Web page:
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Ireena Erteza

PhD ’93, Electrical Engineering
Story originally published on Mar 2018
For me, this means that I integrate knowledge to create new things.

Creativity and imagination are two of the most important parts of being an engineer. I love to describe engineering as crafting. In crafting, you have to know how to measure things. You have to figure out how to put things together, and you have to work to understand the properties of your materials and tools (or invent new tools) in order to make something. Similarly, engineers use math, science and specific engineering skills to create new things. As kids, we all loved the creativity found in crafting in one form or another, and without even knowing it, we were all essentially engineers.

My father was an electrical engineering professor and introduced me to the world of engineering. He was playful and creative and gave me free rein in his workshop. We spent hours together tinkering with cars, lawnmowers, computers, modems—you name it. I also would make things on my own. It never occurred to me that there was a perception that engineering wasn’t creative until I was in college. In my experience, engineering was always more than just equations, it was creative problem solving. As I mentor students today, I always strive to highlight the creativity and collaboration found in engineering.

I currently work for Sandia National Labs. Here, I apply my experience and knowledge in multiple branches of electrical engineering to improve a sensing technology known as Synthetic Aperture Radar (SAR). This is a technology that enables the creation of high-resolution 2- or 3-dimensional images of objects or landscapes. Using this technology, we can gather information in conditions where it might typically be difficult for humans to see; e.g., through clouds or fog or at far distances. SAR images have widespread applicability, and we are always working to find new ways to gain more information from SAR. I’ve worked with this technology for over 20 years now and have come to thoroughly understand its strengths and challenges. One challenge is the speed at which images are created. As we’ve found creative ways to make images more quickly, my knowledge of these systems has enabled me to propose innovative solutions to access and also extract information from SAR images. Being able to do this for projects that have national impact is very fulfilling.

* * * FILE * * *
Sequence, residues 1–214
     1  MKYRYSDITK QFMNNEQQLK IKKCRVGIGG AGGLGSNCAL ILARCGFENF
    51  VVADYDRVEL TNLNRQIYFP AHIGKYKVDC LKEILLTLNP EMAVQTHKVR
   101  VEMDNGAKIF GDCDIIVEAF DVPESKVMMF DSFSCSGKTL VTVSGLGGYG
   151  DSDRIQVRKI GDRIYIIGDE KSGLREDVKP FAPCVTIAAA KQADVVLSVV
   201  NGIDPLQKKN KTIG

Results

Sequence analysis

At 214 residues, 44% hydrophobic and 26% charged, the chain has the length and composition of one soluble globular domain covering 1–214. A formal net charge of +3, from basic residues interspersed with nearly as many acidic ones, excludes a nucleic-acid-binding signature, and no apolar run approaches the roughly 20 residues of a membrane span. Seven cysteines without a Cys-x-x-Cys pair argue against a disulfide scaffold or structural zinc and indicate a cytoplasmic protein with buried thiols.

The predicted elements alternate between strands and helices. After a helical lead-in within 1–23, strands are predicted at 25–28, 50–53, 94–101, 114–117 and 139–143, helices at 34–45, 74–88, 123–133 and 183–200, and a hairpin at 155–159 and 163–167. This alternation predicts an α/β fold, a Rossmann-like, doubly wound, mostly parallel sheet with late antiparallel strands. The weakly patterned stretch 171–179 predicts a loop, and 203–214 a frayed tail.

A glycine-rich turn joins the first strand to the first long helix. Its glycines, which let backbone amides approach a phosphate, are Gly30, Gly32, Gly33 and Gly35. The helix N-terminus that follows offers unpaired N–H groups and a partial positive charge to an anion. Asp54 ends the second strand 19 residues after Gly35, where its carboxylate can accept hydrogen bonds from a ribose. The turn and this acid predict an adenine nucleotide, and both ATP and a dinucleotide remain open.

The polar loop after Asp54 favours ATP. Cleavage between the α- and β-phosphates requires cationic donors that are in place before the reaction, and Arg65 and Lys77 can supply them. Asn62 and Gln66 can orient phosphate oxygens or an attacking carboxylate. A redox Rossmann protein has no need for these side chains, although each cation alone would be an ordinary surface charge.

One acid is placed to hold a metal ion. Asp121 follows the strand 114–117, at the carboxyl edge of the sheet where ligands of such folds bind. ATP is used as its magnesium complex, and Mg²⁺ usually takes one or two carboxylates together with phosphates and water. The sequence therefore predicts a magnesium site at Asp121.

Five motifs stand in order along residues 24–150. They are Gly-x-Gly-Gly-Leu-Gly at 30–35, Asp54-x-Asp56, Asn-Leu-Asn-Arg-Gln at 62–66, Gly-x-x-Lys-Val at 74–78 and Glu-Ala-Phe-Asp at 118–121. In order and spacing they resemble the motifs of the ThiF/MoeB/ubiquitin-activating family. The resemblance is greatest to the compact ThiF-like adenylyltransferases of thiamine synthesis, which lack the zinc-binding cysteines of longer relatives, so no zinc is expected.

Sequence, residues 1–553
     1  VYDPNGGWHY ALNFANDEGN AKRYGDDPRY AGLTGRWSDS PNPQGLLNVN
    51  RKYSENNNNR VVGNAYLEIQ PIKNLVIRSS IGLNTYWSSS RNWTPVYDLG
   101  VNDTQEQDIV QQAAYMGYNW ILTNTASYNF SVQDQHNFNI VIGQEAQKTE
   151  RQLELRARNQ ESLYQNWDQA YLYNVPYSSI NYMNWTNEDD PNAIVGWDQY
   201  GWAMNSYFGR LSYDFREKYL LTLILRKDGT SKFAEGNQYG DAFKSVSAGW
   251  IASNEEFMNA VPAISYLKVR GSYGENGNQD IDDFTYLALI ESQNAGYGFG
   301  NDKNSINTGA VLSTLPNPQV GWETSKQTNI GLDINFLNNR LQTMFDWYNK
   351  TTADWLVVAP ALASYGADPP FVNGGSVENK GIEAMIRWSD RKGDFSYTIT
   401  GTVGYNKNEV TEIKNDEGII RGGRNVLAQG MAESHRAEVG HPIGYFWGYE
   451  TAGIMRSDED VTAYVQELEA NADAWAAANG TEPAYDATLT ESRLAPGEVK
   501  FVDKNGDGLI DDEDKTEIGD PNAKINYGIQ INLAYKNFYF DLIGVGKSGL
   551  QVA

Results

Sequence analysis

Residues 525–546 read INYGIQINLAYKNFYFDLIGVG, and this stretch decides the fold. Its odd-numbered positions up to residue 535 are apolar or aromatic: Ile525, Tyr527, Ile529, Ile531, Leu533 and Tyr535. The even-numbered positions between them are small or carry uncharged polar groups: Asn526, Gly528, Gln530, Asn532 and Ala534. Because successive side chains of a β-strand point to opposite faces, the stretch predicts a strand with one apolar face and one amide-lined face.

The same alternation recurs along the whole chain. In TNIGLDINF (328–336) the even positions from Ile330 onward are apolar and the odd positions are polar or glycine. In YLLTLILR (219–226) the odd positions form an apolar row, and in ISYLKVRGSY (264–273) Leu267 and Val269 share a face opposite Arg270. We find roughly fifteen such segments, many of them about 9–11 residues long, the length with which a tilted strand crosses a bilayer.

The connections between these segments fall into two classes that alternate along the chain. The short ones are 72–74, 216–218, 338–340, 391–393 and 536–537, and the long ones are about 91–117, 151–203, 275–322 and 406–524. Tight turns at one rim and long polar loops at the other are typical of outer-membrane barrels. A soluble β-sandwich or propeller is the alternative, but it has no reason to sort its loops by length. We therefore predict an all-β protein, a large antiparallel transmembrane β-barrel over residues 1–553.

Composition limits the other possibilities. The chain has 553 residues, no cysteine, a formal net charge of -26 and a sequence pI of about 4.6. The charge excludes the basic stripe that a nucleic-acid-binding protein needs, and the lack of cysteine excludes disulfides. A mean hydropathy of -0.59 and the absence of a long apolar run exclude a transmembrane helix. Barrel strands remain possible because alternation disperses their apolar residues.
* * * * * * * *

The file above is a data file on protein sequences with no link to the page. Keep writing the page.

Aside from the technical challenges in engineering, I’ve also dealt with the challenges of impostor syndrome—the feeling, especially from others, that as a woman or a minority I am an outsider in the field. When I was a student, that attitude was prevalent, but I didn’t expect that 30 years later when I enter a room, some people would still be surprised that I am the PhD researcher driving a project. That’s why I jumped on this opportunity; I want to be part of something that shows that engineers come from all different backgrounds, ages, genders, etc. 

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